¶4 The duty of providing compensation for witnesses does not devolve on the counties. They are not the proper institutions to provide for such compensation. This duty belongs to the legislature, and if it has failed in the performance thereof it does not follow that the county must pay for such services. (Morin v. Multnomah Co., 18 Ore. 163, 22 P. 490.)

¶5 Neither the state, nor any county is liable for fees in any criminal prosecution, in the absence of an express statute on the subject. (Rowley v. Board, 2 Blackf. 355; Heller v. Board, 23 Kan. 128; Board v. Lee [Colo. App.] 32 P. 841; State v. Campbell, 19 Kan. 481.)

¶6 A witness cannot be paid out of the county treasury unless so directed by the legislature. (Williams v. County of Northumberland, 110 Pa. 48, 20 A. 405.)

¶7 In discussing the constitutional provisions of the state of Indiana providing that no man's particular services shall be required without just compensation, the supreme court of that state said: "It is as much the duty and interest of every citizen to aid in prosecuting a crime as it is to aid in subduing any domestic or foreign enemy; and it is equally the interest of every citizen to aid in furnishing to all, high and low, rich and poor, every facility for a fair and impartial trial when accused for none are exempt from liability to accusation and trial. These are matters of general interest and public concern, are vital, indeed, to the very existence of free government, and render the services of witnesses on such occasions matters of general and public interest, and not particular, as in the sense of the constitution." (Israel v. State, 8 Ind. 467.)

¶8 And this language was expressly approved in Daly v. Multnomah Co., 14 Ore. 20, 12 P. 11. A county is a mere creation of statute. Neither it nor its officers have inherent authority. It can only do those acts which the legislature has prescribed, and it is only liable for such obligations as the law has specifically imposed, or authorized it to create. In this Territory a county is in no sense a party to a criminal prosecution. It is not primarily liable for any costs in such cases. All criminal causes are brought in the name of the Territory. The Territory is the plaintiff, and the accused the defendant. In case of conviction, all costs are taxed to the defendant. The plaintiff, being the sovereign, pays no costs. The rule has been adopted in most of the states of requiring the county within which a crime is committed to pay at least a portion of the costs of the prosecution, and the rule generally prevails of requiring such county to pay the fees of the witnesses for the state; but these changes have been brought about by legislative enactment. A few of the states still adhere to the old rule of requiring witnesses to appear and give testimony in criminal cases without compensation.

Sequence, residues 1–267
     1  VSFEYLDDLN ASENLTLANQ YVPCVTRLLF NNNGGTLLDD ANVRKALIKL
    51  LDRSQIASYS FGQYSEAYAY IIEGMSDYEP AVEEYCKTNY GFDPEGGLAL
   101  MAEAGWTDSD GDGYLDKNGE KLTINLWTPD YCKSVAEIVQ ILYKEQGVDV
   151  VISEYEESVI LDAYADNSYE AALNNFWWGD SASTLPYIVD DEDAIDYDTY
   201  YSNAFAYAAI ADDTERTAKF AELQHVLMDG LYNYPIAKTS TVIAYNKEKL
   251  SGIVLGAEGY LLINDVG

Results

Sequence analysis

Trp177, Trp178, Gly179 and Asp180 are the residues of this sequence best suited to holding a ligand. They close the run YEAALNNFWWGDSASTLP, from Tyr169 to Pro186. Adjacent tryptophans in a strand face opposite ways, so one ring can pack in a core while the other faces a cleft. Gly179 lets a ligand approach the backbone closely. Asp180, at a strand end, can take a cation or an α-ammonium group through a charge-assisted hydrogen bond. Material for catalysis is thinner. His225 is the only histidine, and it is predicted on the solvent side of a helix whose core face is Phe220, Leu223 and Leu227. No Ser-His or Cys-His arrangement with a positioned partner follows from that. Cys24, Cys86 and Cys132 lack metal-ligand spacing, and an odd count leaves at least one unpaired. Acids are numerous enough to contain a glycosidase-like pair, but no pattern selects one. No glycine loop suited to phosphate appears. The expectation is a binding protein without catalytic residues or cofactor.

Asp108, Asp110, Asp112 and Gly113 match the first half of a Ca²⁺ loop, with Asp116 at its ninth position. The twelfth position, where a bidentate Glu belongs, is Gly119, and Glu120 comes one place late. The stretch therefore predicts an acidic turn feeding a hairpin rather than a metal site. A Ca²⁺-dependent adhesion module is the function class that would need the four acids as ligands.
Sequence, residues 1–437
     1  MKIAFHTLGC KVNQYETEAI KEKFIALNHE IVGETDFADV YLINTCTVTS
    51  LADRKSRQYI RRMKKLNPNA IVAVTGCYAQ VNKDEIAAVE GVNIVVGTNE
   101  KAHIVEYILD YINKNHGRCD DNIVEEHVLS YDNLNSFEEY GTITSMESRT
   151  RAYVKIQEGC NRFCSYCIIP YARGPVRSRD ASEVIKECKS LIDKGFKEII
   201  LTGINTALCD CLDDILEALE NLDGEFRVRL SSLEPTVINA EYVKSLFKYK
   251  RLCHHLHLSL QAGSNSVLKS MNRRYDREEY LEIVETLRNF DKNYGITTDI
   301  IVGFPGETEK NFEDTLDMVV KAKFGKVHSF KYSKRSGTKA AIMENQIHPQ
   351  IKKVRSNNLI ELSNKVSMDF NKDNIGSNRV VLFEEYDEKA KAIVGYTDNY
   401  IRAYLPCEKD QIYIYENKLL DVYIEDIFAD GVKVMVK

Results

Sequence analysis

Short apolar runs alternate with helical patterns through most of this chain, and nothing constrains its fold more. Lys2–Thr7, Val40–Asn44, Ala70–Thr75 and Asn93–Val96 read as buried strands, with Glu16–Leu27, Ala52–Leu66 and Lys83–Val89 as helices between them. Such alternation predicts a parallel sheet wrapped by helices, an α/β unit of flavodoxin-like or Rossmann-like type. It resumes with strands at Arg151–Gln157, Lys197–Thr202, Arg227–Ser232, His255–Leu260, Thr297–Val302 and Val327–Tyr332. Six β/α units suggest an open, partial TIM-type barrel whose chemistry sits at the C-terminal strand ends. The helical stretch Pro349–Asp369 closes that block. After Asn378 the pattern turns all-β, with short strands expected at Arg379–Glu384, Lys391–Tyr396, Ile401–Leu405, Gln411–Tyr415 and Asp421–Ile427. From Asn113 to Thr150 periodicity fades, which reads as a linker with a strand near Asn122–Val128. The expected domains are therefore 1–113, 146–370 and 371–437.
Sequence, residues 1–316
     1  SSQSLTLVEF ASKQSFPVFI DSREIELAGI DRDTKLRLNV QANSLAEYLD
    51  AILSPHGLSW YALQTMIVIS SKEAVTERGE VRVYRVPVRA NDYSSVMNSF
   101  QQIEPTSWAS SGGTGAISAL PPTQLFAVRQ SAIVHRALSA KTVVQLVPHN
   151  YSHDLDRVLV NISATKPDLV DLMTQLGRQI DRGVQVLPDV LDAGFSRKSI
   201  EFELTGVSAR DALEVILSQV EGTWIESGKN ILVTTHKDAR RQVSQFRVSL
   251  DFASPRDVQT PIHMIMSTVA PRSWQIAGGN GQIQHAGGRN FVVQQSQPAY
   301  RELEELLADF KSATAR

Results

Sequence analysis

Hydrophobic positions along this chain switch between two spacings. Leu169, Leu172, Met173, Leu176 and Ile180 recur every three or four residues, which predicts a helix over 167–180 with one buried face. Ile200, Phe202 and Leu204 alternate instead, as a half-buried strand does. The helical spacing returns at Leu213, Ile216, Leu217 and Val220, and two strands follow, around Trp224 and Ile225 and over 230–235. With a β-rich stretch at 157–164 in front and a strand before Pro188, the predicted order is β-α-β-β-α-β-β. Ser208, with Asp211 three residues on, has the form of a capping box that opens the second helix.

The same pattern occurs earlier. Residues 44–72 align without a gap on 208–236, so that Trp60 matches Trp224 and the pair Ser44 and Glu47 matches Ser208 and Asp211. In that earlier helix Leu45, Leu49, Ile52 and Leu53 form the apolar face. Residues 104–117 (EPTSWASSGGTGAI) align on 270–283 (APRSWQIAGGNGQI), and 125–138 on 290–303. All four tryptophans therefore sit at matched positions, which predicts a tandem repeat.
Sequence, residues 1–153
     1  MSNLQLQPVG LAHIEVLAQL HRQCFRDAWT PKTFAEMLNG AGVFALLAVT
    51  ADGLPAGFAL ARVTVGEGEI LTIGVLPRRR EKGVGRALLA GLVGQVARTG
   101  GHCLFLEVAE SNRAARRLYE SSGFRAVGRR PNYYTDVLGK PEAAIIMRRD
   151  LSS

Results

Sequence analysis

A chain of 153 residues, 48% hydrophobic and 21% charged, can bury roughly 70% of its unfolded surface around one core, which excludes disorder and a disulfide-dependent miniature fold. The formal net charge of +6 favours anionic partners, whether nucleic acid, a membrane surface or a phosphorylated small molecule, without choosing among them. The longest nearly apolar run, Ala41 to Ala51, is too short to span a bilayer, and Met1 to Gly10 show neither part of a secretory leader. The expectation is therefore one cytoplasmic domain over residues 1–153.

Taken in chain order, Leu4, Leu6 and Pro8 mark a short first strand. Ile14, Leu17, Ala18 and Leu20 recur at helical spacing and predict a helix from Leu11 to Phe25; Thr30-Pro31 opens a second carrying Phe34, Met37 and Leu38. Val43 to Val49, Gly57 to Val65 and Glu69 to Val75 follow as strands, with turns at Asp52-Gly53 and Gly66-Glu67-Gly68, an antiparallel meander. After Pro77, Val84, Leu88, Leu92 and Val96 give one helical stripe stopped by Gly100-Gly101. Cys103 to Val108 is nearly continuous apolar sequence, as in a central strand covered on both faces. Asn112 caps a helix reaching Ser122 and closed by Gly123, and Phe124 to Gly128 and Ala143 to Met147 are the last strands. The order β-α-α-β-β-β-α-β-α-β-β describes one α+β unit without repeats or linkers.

¶9 The question of the policy or wisdom of either practice is one for the legislative department and not the judicial. Courts must interpret and apply the laws as they find them, and cannot add to or improve them, although they may work hardship or injustice in individual cases. It is clear that Greer county was not liable for the witness fees in controversy in this cause, unless there is some statute of the Territory imposing this obligation. Have we such a statute? We may properly look to the history of legislation on this subject, and to repealed and past laws to determine what the law now is. Our first legislature passed an act which took effect December 25, 1890, (Statutes 1890, ch. 36,) wherein they prescribed a fee of $ 1.50 per day for witnesses attending before any court, judge, or commissioner. Section 33 of this act contained this provision: "In all cases where the fees prescribed by this act, in criminal cases, for the sheriff, probate judge, clerk, constables, justices of the peace, witnesses for the Territory and jurors, are not paid by the defendant or prosecuting witness, they shall be paid by the county in which the criminal prosecution was instituted." Here was an express statute making the county in which a criminal prosecution was instituted liable for fees of witnesses for the Territory in such cases in the event such fees were not paid by the defendant or prosecuting witness, but it will be observed that no provision was made for paying the fees of witnesses, for the defendant in a criminal cause. This act also contained sections 34 and 35, which are as follows: